Liepāja Municipality, the Šķēde Dunes

Location of the memorial:

Latitude: 56.599689
Longitude: 21.021667

The Nazi troops occupied Liepāja on 29 June 1941. Already on the following days many Jews were arrested, of whom 300 were shot together with “Soviet activists” in the Rainis Park. A number of orders were issued that imposed restrictions upon Jews: wearing the yellow sign, prohibition to visit public institutions, etc. The first mass–scale killings of Jews took place in July in the vicinity of fishing port – at the lighthouse and at the fish cannery (1200 Jews were shot during it), but the largest action of shooting Liepāja Jews took place later – in December in the Šķēde Dunes (approximately 15 km from Liepāja). The first shooting Jews in the Šķēde Dunes took place in September 1941, a couple of hundred persons were shot during it, but the largest action occurred in December 1941, when in the course of three days the majority of Liepāja Jews were murdered (more than 2700 persons). In February 1942 approximately 150 more Jews were shot in the Šķēde Dunes.

Several monuments are located in the Šķēde Dunes. One of them was erected in the Soviet period, it has an inscription in Latvian and Russian: “Here in 1941–1945 Hitler’s invaders brutally murdered more than 19000 residents of Liepāja. Eternal Remembrance to the Soviet Patriots”.

The memorial (sculptor Raimonds Gabaliņš) was created in 2005, thanks to the initiative of the open public foundation “Liepāja Jewish Heritage” and was unveiled in 4 June 2005. It was created in the form of a stylised menorah, inlaid with cut boulder stone of Kurzeme. The flames of menorah are granite pillars with lines from “Eichah” (Lamentations of Jeremiah) in Hebrew, English, Latvian and Russian. Every December a moment of commemoration is held at the memorial, dedicated to the anniversary of eradication of the Liepāja Jewish community.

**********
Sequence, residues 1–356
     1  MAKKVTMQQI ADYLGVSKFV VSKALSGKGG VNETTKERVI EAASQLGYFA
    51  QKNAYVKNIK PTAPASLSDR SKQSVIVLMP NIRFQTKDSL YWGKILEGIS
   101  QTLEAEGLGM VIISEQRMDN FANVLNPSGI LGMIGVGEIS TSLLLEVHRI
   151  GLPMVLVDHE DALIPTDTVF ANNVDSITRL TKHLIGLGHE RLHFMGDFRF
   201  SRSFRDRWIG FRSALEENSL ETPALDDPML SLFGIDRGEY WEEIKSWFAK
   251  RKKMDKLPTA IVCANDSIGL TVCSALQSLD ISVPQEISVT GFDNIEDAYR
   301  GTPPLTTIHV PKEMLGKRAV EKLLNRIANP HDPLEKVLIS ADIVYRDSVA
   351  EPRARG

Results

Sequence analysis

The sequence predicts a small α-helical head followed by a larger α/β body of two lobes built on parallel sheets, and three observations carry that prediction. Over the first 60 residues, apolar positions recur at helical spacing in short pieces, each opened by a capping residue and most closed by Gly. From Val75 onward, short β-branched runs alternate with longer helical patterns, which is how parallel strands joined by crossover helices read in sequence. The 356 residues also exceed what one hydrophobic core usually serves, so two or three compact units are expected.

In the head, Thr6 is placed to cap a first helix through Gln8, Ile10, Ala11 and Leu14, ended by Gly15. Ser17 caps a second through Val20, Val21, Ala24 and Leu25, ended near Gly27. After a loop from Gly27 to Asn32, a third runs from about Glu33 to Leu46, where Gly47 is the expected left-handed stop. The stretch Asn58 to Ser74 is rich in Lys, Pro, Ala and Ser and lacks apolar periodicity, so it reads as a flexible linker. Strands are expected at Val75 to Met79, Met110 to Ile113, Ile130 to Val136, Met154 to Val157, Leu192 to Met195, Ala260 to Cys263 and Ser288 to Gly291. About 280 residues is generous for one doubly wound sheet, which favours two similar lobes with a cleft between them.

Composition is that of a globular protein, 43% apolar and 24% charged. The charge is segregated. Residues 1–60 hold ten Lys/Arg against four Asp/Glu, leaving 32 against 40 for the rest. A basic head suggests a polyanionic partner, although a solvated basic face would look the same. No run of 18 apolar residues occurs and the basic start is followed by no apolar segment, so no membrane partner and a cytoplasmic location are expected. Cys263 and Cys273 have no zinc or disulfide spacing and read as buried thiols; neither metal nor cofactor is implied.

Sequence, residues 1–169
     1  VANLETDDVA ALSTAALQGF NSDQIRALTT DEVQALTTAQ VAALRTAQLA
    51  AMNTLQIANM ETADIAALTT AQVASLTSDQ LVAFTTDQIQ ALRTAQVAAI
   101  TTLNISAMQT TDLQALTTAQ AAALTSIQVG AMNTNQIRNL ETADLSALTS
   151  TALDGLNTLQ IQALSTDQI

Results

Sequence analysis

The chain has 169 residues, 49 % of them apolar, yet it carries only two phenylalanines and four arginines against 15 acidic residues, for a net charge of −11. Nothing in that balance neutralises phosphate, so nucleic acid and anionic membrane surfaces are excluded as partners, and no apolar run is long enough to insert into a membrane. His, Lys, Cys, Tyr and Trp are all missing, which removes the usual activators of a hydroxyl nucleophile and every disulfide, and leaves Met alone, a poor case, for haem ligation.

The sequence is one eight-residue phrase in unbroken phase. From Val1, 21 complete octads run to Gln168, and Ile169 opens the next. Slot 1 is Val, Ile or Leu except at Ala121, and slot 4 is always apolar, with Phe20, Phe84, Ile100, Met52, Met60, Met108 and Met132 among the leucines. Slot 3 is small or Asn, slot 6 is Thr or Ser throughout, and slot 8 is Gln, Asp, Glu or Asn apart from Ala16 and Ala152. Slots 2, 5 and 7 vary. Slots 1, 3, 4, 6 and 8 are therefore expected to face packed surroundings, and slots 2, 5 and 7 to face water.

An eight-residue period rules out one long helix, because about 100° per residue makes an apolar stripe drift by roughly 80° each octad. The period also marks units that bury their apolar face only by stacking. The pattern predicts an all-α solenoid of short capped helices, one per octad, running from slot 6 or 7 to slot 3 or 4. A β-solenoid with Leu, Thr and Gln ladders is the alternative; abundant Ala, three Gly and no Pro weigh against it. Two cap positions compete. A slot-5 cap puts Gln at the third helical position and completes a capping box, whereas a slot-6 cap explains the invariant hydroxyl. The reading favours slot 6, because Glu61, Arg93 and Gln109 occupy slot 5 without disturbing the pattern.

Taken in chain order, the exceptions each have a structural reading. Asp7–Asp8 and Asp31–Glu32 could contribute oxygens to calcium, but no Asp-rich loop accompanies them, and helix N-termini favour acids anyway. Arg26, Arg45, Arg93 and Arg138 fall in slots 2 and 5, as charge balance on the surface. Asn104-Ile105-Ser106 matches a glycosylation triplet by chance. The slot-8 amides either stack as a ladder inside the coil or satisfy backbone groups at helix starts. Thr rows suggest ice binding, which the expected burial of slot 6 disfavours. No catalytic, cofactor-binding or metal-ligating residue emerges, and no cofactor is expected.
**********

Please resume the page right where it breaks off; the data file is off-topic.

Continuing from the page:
In 2006 a commemorative plaque was added to the memorial, it is dedicated to the remembrance of all victims of the Nazi occupation and has inscriptions in Latvian, Russian and English that specify the number of victims.

Further reading:

  • Meler M. Jewish Latvia: Sites to Remember. Tel-Aviv: Association of Latvian and Estonian Jews in Israel, 2013.
  • Ezergailis A. The Holocaust in Latvia, 1941-1944: The Missing Center. Riga: The Historical Institute of Latvia; Washington, DC: US Holocaust Memorial Museum, 1996.
  • Anders E., Dubrovskis J. Jews in Liepāja, 1941—1945: A Memorial Book. Burlingame, 2001.
  • Linkimer K. 19 Months in a Cellar: How 11 Jews Eluded Hitler’s Henchmen. Riga:Museum “Jews in Latvia, 2008.

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